When Marin Hoplamazian arrived at the William and Mary Law School in 2006, she wasn’t 100 percent sure she wanted to be a practicing lawyer. Today those doubts have been swept away and she’s received a scholarship from the Virginia Community Criminal Justice Association to pursue an independent research project.
Through her research, Hoplamazian said she will look at the current state of victim-offender mediation (VOM) programs in the state of Virginia, the future of these programs and recommendations for ways they could be strengthened.
VOM’s are restorative justice programs that actively involve the victim in the justice process. Many times this process includes a meeting between the victim and the offender. Hoplamazian said the programs “can sometimes make the offender feel remorse and responsibility” for their crimes.
Thirty-five years ago there weren’t any of these programs operating in the country. Today, she said, there are more than 500. “These programs are doing great things in their communities,” Hoplamazian added.
To complete the project, Hoplamazian is preparing a survey for programs across the state. She plans to combine the survey data with information she obtains from in-person interviews.
"It's still an emergin field, it's very interesting - ripe for study," she said.
Hoplamazian received the $2,500, one-year scholarship prior to the start of the current semester. She will present her completed report to the VCCJA in the spring.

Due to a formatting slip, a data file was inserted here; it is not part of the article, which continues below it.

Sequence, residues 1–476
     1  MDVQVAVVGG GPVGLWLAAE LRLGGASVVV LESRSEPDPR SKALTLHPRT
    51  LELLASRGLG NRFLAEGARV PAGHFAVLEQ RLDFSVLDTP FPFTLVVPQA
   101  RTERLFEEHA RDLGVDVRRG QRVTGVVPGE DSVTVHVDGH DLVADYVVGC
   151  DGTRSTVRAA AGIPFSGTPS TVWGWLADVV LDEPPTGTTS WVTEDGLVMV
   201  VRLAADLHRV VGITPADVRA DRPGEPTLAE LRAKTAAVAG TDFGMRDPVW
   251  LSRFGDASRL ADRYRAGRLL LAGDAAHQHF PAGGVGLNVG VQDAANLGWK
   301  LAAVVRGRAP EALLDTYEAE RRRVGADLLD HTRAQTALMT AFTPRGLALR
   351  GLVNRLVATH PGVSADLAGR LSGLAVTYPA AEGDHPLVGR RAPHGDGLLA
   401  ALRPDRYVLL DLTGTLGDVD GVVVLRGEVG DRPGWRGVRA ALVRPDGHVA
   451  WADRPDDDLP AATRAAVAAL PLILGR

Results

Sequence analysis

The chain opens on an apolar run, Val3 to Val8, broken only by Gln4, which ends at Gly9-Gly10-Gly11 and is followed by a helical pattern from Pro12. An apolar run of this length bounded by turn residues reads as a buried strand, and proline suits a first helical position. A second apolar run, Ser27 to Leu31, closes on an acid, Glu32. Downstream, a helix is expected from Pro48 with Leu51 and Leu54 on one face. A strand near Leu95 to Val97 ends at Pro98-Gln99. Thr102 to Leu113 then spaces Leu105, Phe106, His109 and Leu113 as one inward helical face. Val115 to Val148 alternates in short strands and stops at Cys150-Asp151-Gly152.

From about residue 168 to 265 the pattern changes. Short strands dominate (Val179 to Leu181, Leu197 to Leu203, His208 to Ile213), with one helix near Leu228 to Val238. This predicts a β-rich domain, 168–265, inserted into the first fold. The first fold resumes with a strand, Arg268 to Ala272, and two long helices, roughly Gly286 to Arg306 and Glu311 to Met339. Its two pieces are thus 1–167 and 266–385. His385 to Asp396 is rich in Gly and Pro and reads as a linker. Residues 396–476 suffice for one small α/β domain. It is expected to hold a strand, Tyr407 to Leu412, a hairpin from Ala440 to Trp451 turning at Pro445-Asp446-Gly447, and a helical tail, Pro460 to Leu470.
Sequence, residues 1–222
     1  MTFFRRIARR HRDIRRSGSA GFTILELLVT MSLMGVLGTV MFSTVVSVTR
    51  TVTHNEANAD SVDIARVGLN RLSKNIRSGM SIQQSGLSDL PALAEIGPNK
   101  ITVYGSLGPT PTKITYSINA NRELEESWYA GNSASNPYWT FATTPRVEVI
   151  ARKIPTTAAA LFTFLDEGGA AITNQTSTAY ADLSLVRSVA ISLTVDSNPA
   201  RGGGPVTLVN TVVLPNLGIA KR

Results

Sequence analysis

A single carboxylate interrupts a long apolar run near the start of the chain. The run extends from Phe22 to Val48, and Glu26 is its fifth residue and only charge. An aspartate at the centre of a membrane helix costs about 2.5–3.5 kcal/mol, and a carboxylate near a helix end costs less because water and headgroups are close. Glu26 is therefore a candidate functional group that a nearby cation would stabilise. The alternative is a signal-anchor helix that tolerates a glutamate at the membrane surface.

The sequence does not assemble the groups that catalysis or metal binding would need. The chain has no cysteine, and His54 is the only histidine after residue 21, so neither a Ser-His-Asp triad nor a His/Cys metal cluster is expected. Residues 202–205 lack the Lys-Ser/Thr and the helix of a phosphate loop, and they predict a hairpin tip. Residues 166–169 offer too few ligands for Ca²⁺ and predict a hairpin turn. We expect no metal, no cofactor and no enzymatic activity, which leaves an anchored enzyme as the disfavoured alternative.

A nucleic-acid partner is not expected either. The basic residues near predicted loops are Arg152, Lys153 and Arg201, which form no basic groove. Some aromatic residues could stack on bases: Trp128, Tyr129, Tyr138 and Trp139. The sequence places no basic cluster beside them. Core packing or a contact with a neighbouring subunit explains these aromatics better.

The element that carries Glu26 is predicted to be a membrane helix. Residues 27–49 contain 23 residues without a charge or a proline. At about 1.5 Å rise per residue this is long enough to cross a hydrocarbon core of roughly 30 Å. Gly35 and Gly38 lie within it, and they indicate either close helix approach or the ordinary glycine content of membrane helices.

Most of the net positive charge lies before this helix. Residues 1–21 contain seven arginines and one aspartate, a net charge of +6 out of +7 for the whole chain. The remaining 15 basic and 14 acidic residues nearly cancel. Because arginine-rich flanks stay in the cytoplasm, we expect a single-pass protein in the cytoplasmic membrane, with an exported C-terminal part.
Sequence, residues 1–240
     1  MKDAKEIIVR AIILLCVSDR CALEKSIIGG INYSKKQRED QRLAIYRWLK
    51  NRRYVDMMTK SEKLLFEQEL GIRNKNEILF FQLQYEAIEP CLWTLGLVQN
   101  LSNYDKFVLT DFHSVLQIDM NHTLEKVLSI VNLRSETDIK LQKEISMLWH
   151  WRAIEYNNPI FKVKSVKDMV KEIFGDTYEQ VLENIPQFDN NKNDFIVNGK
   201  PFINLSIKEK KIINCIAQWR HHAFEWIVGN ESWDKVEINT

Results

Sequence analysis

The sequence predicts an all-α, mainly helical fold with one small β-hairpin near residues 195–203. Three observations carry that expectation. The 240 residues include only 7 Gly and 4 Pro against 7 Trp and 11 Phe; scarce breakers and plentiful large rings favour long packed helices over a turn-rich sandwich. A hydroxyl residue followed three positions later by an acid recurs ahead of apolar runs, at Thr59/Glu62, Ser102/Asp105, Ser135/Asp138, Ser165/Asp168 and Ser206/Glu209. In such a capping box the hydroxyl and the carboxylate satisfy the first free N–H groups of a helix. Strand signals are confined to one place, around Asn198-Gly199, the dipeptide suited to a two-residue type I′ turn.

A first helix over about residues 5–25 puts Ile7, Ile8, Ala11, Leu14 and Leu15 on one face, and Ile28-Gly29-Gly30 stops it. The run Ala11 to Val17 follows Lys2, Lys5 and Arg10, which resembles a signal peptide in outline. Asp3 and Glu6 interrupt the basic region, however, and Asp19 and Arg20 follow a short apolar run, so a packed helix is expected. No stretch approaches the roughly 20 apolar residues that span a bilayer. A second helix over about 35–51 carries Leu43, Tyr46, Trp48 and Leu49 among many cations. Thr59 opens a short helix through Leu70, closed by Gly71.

“I don’t think I could afford to spend the time on this research without the scholarship,” she said. “I’m grateful to the VCCJA for this opportunity to explore programs that I find so interesting and that are doing such great things.”
VCCJA is a non-profit organization with the mission of enhancing public safety through the development and expansion of Core Public Safety Services.
Hoplamazian is scheduled to graduate in May 2009. While she’s not sure she will work with VOM programs or even pursue criminal law, she knows practicing law is in her future. Her hope is to return to her home state of Michigan after graduation and eventually open her own firm that caters to Arabic speaking clientele or businesses.
“My experience at William and Mary has been amazing,” Hoplamazian reflected. “I feel like I really found my niche.”